Since working as President of ICWP, time has passed quicker than the fastest water current, and carried with it a new awareness of several things. Being President of any organization teaches lessons on Governance and all that applies to legal, social (the community around the world), and membership considerations (following a mission statement, delivery of services promised, and an understanding of the vast amount of cultures we serve). I’ve been traveling that stream, and not able to walk, yet, on my home ground, feeling safe sequestered in my books and plays.
But I want to share our press release for the 50/50 and show exactly how extensive this program was, and International Centre for Women Playwrights is:
Awards Announced for Theaters Around the World Promoting Gender Equity
Industry still has a long way to go, Centre for Women Playwrights finds
The International Centre for Women Playwrights (ICWP) today announced its 2018 50/50 Applause Awards, honoring theaters that produce plays written in equal measure by women and men. At the same time, the Centre finds that the vast majority of theaters around the world are coming up short in terms of gender equity.
The Centre received 103 nominations and only 62 qualified for the award.
The awards honor theaters at least half of whose productions in their July 2017- June 2018 seasons are written by women. Further, a theater must have staged three or more productions during the season and have plays authored by both male and female in their season. For the 2018 Awards, only Main Stage productions were taken into account, as that is where most theater budgets are spent and where playwrights receive the most media attention and career advancement.
The 62 recipients of this year’s awards are found throughout Australia, Canada, Finland, Scotland, Singapore, South Africa, United States, and Wales.
For the 2017-2018 season, approximately 60% of the qualifying theaters are repeat recipients. For example, Here Arts Center has made the list for six years in a row, while off the WALL has made it for five consecutive years. Awardees range from community and college theaters to internationally renowned public theaters.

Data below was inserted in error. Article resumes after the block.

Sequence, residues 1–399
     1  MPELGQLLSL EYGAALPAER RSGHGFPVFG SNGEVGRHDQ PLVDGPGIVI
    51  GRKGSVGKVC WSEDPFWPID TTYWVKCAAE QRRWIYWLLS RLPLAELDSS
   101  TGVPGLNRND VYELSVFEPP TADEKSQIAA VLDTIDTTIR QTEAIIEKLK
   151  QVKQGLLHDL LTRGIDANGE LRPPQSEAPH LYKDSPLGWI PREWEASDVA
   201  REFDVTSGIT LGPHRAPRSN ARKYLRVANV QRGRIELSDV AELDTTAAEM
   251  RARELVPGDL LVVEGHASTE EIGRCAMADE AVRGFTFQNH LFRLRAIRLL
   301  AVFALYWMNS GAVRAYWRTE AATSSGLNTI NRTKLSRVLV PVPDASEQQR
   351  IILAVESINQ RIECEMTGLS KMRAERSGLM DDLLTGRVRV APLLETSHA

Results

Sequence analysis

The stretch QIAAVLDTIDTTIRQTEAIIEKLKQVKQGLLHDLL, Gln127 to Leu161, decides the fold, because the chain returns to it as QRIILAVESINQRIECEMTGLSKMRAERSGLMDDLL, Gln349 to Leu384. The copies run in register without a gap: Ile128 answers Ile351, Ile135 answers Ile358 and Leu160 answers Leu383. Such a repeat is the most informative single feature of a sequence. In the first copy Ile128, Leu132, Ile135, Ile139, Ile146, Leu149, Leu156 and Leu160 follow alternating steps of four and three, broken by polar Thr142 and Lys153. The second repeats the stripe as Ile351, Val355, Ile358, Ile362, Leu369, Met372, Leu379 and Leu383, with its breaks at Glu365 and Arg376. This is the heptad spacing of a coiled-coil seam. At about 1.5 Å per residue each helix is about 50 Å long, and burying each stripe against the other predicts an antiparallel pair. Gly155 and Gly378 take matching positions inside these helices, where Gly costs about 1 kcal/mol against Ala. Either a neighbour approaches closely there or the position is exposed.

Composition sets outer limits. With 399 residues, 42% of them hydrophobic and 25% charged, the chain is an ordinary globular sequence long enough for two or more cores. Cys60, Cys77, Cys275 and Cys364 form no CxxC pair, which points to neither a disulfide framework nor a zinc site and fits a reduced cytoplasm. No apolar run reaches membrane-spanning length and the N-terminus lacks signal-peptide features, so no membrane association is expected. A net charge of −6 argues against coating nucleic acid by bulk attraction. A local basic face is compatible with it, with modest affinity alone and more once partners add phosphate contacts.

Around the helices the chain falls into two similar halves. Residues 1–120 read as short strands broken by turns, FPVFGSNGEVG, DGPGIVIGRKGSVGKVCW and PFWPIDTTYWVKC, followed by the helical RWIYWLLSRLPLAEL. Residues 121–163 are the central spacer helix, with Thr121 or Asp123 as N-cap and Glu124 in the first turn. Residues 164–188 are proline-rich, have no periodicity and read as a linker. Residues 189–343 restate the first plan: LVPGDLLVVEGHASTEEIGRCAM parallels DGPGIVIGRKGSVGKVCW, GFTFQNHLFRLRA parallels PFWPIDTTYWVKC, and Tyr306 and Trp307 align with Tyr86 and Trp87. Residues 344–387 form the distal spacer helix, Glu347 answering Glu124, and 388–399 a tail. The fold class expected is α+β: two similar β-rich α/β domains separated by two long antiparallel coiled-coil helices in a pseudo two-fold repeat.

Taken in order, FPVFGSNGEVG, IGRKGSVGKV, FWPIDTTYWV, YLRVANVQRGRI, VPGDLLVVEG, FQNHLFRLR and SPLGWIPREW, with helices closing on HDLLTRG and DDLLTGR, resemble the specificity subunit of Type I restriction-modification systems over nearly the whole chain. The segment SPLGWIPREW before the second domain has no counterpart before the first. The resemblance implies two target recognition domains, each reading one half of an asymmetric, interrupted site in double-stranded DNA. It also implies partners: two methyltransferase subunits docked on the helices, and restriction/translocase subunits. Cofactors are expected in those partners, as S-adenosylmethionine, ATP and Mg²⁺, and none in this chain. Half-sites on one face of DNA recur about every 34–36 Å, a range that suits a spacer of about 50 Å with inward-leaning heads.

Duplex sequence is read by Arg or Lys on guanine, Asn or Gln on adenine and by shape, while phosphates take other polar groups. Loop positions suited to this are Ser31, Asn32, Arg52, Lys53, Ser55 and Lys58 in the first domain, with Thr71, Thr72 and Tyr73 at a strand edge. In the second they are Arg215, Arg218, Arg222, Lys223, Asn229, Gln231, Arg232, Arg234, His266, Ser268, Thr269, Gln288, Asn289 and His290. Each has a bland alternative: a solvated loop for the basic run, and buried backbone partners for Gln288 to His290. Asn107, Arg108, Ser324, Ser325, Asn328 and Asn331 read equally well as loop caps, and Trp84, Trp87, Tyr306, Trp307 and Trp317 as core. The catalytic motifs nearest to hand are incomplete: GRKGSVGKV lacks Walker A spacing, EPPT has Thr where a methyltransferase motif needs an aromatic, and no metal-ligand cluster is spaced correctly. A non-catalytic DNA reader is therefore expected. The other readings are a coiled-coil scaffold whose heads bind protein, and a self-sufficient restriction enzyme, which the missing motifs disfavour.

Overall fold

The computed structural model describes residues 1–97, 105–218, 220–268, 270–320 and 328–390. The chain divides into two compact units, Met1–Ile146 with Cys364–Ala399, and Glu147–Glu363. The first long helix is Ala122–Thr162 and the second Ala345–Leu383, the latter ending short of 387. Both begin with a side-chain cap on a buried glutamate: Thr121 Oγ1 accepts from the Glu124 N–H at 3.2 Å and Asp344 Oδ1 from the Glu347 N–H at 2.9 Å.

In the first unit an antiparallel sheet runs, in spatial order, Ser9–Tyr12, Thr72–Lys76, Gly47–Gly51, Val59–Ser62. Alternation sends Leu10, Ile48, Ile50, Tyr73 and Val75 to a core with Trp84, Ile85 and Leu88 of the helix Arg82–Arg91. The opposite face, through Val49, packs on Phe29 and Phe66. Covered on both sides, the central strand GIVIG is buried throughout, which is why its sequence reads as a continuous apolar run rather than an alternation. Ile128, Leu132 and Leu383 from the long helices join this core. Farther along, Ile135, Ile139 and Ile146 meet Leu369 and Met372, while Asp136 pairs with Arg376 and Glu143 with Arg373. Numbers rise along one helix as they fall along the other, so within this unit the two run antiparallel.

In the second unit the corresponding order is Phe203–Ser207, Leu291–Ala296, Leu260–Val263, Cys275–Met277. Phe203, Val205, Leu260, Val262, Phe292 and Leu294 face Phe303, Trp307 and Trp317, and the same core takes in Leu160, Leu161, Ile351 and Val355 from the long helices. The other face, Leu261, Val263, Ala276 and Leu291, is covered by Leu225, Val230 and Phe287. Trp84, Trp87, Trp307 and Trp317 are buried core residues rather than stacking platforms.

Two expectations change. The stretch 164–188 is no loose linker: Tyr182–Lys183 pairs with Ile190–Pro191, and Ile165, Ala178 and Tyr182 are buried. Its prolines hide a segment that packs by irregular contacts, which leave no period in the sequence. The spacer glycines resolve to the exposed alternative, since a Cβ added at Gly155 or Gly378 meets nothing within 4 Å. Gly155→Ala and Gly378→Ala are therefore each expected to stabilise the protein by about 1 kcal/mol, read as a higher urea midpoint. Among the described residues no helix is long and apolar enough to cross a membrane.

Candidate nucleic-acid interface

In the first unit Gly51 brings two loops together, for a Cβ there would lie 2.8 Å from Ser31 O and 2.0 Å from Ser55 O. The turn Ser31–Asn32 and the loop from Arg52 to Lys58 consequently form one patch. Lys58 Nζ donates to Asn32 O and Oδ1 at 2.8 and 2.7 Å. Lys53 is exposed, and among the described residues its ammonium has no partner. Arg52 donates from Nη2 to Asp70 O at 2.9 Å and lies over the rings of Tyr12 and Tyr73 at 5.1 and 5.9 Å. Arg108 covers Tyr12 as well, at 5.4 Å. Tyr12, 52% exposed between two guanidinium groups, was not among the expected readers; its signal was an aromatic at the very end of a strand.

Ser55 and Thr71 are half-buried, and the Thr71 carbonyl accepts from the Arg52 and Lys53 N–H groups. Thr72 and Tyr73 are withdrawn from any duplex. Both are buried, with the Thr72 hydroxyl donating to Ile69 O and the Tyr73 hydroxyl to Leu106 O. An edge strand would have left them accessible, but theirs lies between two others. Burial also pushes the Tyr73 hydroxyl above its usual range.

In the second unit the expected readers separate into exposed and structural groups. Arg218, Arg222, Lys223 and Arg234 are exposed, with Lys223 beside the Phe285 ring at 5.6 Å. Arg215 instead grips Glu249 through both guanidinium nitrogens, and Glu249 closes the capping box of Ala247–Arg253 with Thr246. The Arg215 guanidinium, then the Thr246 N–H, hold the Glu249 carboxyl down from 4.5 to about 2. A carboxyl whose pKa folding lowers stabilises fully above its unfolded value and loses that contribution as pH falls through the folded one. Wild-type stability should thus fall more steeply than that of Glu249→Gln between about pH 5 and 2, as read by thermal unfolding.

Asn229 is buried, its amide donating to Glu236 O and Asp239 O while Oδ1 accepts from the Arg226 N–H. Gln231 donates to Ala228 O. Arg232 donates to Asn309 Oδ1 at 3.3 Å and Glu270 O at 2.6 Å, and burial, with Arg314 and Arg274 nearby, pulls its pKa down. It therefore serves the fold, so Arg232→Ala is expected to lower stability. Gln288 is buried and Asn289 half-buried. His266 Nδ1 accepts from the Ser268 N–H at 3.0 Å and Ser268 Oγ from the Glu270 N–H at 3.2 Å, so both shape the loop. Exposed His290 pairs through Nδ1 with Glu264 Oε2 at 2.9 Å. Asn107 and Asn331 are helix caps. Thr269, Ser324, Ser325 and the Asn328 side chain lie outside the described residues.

“We are pleased to see that there are some theaters that, year after year, provide opportunities for women playwrights. We salute their efforts,” said 50/50 Applause Award Co-Chair Patricia L. Morin. “However, we will witness more economic discrimination toward women playwrights (smaller stages, less performances, less pay), as well as the constant promotion of male voices, unless more theaters step up and join the ranks to support 50/50 gender parity.”
Academic and charity organization research continues to support the notion that there are gender inequities in theatrical companies around the globe.
For example, the League of Professional Theatre Women recently released the results of its 2018 “Women Count” study. The percentage of women playwrights represented by the theaters profiled in the study ranged from 29% in 2013-2014 and 2015-2016 to a season high of 37% in 2016-2017. This looks like an upward movement to be welcomed, but a closer look at the figures shows that five theaters profiled in the study had no women playwrights at all in the 2016-2017 study season.
In late 2017, American Theatre magazine reported that, out of 513 not-for-profit theaters across the U.S., only 26% of their new plays and revivals were written by women, with 62% written by men and 11% co-written by women and men.
The Playwrights Guild of Canada reported that for the 2017 season in that country, productions by male playwrights continued to dominate — 64%, which was the same as 2016 — and shows by women playwrights still hovered around the 25% mark.
The National Voice, a publication of The Australian Writers Guild, reported that, of 95 shows surveyed for 2017 that included Australian playwrights — including those staged by state theater companies — 56% were written by men.
The 2018 50/50 Applause Awards come in the wake of a momentous year for women’s struggle for equality in many different arenas. The #metoo movement that began in October 2017 rocked the film, media and theater industries across the world. The movement has shown how a bullying and sexually abusive environment limits the participation and career success of women.
A majority of theater artistic directors do not stage the work of female and male playwrights in an equal proportion, and this has repercussions for society by suppressing women’s stories and filling the theater stages with the male imagination. The male presence not only dominates artistic directors, it dominates the theater boards, governing boards, and public funding institutions throughout the world.
The bravery of those speaking out in the #metoo movement is echoed in the words of Millicent Fawcett, the early 20th century British suffragist who campaigned for women’s rights throughout her life, and whose motto was “Courage calls to courage everywhere”.
To have a professional theater scene that encourages, enables and celebrates women playwrights, governing boards, public funders and artistic directors around the world should ask themselves if the theater programs they are supporting are enabling gender discrimination in favor of men, and silencing the voices of the creative women who have equally valid things to say. The 50/50 Applause Award certificate should be as important as fire and public safety certificates, and their theaters should not be able to open their doors without it.
At the urging of feminist and journalist Caroline Criado Perez, a statue of Millicent Fawcett was placed in London’s Parliament Square in April. In the foreword to the Fawcett Society report “Sex & Power 2018″, Perez writes: “Finally, we have to stop pretending that the path to equality is out of our hands. Power is never given freely. Liberty is never achieved by chance. It is achieved by design. So let’s start designing it.”